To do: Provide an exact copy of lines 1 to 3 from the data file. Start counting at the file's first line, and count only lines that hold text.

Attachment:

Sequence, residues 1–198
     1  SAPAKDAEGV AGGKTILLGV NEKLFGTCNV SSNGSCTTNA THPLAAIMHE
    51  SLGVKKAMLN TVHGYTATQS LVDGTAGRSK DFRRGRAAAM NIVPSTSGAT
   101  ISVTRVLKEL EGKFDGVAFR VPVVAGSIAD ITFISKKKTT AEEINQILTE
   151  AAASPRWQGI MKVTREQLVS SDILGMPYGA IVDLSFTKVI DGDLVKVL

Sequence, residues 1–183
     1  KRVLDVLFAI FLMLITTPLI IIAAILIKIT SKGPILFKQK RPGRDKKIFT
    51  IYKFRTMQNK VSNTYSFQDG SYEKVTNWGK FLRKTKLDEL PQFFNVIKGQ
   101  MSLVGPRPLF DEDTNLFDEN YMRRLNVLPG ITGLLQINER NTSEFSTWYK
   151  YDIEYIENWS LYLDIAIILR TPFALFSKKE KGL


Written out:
Sequence, residues 1–198
     1  SAPAKDAEGV AGGKTILLGV NEKLFGTCNV SSNGSCTTNA THPLAAIMHE
    51  SLGVKKAMLN TVHGYTATQS LVDGTAGRSK DFRRGRAAAM NIVPSTSGAT